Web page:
Competition
  • Europa League

Lopetegui's high pressing; Bale and Vinicius...

Probably the best part of Julen Lopetegui’s first game in charge at Real Madrid was how the team pressed in attack. That was a quality which Guardiola’s Barça had – as did Spain’s national team under Lopetegui. Pressing after losing possession is a relatively new idea in football. It didn’t make as much sense with the backpass rule. Now it’s more of a risk to play the ball back to the keeper and that is something which coaches have picked up on; now they encourage their players to apply pressure as soon as their rivals attempt to take the ball out of defence. Once they manage that, it’s a question of keeping the ball as far away as possible from your own goal. As soon as the ball is lost, the whole process begins all over again.

Gareth Bale in action against Manchester United

Madrid couldn't press with Cristiano

It’s a brief and intense tactic, which saves players from having to make long runs back to defend then take the ball upfield again once they’ve won it back. I have a feeling it’s going to be Lopetegui's hallmark at this early stage of his tenure at Madrid. During the past few seasons it was difficult for Madrid to press their opponents - Cristiano wouldn’t do it and was allowed to as it meant he could focus solely on his attacking powers while Benzema and Bale did the bare minimum. But it looks like now both forwards are going to have to press more. Whether Lopetegui manages to get them to do it - and do it always rather than now and again, will determine how successful it will be for Madrid. I can’t see it being too much of a hassle for Madrid’s other forwards.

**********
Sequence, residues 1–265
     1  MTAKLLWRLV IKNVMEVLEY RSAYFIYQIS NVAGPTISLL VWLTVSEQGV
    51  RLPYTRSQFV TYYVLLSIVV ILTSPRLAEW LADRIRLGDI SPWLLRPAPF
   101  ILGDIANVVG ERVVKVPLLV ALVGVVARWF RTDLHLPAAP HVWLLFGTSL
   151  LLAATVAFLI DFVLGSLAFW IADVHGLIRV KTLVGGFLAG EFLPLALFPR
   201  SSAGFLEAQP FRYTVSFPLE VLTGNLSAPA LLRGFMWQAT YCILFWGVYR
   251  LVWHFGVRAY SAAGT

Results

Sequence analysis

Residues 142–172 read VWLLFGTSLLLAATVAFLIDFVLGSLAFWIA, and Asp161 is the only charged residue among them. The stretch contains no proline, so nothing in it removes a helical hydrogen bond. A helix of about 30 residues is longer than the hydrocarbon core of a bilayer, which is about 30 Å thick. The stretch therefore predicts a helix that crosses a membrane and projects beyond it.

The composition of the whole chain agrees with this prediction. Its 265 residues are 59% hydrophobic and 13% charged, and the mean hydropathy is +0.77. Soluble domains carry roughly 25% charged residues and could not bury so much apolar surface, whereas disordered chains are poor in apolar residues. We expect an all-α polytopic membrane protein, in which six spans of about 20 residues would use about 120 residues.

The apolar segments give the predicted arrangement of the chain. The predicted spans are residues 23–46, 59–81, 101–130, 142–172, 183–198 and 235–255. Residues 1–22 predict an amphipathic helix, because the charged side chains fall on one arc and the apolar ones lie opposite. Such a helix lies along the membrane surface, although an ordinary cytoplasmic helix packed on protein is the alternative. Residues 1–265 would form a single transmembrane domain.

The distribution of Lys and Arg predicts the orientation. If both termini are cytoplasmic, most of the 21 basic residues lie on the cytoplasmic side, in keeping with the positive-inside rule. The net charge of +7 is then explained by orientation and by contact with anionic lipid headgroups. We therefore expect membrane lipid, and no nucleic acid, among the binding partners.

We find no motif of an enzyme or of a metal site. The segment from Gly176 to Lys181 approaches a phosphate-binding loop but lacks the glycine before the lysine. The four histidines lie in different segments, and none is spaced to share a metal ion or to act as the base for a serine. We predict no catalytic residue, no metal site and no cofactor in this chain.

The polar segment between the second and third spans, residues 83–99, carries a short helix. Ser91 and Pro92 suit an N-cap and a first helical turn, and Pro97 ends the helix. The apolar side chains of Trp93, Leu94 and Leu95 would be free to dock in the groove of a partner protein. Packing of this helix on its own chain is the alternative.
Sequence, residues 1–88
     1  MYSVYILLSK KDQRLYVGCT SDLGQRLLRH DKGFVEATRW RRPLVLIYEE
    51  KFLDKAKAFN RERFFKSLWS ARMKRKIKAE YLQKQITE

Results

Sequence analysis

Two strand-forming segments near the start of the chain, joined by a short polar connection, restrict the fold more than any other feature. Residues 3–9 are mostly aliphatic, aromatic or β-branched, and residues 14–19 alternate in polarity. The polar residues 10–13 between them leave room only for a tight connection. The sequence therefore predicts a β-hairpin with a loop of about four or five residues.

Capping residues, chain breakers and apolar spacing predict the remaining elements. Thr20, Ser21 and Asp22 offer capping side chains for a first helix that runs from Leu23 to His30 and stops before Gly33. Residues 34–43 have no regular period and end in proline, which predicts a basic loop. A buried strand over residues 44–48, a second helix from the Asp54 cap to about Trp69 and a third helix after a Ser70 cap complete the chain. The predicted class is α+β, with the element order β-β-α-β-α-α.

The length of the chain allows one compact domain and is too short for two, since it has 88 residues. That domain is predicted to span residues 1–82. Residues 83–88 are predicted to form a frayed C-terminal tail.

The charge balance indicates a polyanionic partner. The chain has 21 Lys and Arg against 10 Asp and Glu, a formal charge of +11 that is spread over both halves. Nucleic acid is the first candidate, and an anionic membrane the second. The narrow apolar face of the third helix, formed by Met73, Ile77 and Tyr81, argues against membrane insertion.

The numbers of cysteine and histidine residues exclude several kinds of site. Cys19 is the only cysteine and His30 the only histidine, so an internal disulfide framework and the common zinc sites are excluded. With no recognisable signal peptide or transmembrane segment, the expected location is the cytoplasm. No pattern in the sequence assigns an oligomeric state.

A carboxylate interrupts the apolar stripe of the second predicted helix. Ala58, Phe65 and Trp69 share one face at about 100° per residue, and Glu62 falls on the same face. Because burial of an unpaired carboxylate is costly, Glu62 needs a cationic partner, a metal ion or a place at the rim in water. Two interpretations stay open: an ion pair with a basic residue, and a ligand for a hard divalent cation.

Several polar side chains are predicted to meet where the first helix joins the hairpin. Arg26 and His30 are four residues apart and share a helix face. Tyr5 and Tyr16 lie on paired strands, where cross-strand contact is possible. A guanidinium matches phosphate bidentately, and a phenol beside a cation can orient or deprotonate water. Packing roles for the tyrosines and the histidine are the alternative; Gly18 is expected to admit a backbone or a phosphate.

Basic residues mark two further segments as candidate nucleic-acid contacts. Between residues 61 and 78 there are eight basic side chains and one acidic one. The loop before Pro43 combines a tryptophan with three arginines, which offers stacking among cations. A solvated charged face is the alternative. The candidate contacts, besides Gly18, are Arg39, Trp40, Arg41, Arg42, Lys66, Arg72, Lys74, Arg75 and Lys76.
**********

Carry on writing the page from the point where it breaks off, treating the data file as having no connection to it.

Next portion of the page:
Sergio Reguilón tussles with Alexis Sánchez

Promising glimpses in Madrid's first outing

Bale by the way, looked like he thought he was still unwinding on the beach; he was a little disappointing. But he’s the one who has been designated to claim the crown – he’s got tremendous qualities but I fear he lacks consistency. Aside from that, we saw some flashes of brilliance from Vinicius who looks promising, Ceballos (who Zidane neglected) enjoyed himself, Odriozola teared up and down the wing well, Federico Valverde looked decent in the second half and youth team promise Sergio Reguilón impressed. Reguilón is a left-back. Theo will be leaving that position (both of United’s goals came because he was caught out of position- even if he did set up Benzema for Madrid’s goal) and that means it’s an opportunity for Reguilón. That more or less was what I took from the match. All of that and the defeat, which wasn’t too much of a big deal but losing, even in a friendly, always rankles.